Ida Moberg

This week, the orchestra I work for (Göteborgs Symfoniker) are recording music by three nordic historical composers, and one of them haven’t been featured here yet. So, here we go!

IDA MOBERG (1859-1947) Finnish composer. As a young woman, she had a career as a singer in mind and this she studied for four years at the music academy in St Petersburg. However, life changed her path to composing and she moved back to Helsinki to study at its academy and teacher Sibelius. In her 40s she decided to further dive into composing and enrolled at Dresden’s music academy. Here she was introduced to anthroposophy which would hereafter be the basis of all her creative work. Spiritualism and movement are fundaments of her music, and in her opera the Light of Asia there are even eurythmic-choreographic instructions as a vital part of the score. In her 50s she once again went to school, this time music pedagogy in Berlin and Dresden. Here she would have wanted to stay for good if it wasn’t for ww1 which forced her back to Helsinki again. She worked as a pedagogue and was active as a conductor in the Helsinki music life. Her works were performed by the professional orchestra of Helsinki and she conducted them herself on occasions too.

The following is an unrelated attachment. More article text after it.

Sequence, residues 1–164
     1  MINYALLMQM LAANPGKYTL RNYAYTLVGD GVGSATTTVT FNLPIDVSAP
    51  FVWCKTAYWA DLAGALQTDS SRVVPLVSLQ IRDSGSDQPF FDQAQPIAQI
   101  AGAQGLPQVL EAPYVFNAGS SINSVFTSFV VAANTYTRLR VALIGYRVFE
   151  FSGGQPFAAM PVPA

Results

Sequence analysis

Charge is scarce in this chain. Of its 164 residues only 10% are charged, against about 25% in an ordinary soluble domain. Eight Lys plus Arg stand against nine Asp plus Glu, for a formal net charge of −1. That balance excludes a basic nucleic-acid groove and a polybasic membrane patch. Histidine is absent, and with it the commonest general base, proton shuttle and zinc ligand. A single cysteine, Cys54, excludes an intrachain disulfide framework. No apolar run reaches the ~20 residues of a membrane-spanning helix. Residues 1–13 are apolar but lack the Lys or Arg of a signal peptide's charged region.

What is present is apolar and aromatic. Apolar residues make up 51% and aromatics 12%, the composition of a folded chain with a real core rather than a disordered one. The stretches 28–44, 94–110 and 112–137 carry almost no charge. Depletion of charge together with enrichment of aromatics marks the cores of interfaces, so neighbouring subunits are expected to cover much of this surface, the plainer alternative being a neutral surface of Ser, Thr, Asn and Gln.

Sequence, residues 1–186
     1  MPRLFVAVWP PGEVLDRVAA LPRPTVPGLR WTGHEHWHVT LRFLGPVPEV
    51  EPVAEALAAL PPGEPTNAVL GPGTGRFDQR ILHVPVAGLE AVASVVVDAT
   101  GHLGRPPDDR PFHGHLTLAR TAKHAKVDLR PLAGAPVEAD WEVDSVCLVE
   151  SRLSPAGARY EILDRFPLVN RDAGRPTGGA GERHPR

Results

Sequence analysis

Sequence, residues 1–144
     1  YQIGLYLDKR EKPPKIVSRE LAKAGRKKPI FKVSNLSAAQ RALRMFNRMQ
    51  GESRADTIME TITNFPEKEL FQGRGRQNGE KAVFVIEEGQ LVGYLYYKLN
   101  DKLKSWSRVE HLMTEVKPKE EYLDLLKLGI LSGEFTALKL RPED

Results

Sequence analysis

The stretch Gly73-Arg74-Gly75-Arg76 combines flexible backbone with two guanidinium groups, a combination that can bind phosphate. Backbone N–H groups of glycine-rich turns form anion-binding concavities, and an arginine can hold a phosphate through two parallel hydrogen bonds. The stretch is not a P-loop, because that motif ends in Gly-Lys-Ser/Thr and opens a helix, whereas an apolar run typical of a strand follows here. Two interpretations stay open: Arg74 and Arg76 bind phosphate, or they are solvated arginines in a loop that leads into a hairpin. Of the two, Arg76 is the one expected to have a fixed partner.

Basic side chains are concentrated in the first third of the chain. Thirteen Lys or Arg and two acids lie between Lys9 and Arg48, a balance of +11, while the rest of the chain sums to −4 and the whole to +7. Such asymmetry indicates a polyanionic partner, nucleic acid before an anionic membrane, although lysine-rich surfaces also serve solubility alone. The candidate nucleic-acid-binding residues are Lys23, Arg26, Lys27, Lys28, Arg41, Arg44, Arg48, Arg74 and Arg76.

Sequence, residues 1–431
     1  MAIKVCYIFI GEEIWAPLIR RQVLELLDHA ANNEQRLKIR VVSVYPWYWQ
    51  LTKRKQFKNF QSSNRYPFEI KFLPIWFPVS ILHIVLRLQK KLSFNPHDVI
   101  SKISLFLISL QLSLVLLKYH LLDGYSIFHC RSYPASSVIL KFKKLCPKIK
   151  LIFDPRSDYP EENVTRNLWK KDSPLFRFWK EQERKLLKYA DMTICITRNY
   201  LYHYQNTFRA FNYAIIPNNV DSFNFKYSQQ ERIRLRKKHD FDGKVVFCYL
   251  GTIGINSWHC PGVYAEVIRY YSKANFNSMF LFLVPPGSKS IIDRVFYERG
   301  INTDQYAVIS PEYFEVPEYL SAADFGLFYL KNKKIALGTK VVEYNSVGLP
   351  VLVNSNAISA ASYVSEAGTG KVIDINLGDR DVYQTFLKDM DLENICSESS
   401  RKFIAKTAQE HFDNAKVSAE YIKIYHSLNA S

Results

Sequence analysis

The fact that she regularly sought further education all her life is enormously inspiring to many orchestra members I’ve spoken to this week. It’s such a big part of a modern day musician’s life to seek improvement through ALL of your career, not just when you’re young, and one can identify with Moberg’s constant search for something higher.

Most of her works are declared to be lost, but as usual with music by women they are probably lurking in plain view somewhere just waiting to be played. We are recording the orchestra suite Sunrise (1909) – “four strong watercolours” our conductor Johannes Gustavsson describes them. The Light of Asia is being prepared for the stage as we speak, and her violin concerto Tondikt is due several performances this year. So, believe me, this is not the last you have heard about Ida Moberg!